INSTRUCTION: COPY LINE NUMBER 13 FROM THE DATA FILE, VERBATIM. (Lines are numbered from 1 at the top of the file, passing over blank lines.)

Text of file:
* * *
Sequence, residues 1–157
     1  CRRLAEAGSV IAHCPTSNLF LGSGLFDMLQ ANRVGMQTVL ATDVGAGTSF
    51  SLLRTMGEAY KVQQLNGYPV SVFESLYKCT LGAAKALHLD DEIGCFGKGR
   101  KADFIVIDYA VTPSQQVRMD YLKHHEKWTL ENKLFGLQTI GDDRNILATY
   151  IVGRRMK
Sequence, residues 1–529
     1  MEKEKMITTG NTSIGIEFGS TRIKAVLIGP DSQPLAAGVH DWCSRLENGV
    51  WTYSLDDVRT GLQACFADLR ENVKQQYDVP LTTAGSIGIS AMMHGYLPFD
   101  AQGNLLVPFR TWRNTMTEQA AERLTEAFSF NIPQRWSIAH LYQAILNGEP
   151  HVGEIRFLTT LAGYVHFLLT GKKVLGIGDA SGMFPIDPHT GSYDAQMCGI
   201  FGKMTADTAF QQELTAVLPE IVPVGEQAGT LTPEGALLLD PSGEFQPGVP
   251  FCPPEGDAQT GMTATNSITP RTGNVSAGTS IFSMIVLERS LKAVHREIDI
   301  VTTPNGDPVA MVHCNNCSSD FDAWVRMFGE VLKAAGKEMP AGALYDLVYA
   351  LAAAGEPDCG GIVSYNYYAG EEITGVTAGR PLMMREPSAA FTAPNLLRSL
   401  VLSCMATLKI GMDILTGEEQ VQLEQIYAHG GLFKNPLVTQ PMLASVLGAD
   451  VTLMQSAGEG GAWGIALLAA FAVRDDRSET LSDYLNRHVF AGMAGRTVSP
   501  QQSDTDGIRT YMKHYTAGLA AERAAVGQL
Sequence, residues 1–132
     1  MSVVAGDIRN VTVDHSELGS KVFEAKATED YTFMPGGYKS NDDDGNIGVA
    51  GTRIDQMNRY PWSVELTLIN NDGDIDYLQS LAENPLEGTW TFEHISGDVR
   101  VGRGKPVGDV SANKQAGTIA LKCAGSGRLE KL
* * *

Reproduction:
   301  VTTPNGDPVA MVHCNNCSSD FDAWVRMFGE VLKAAGKEMP AGALYDLVYA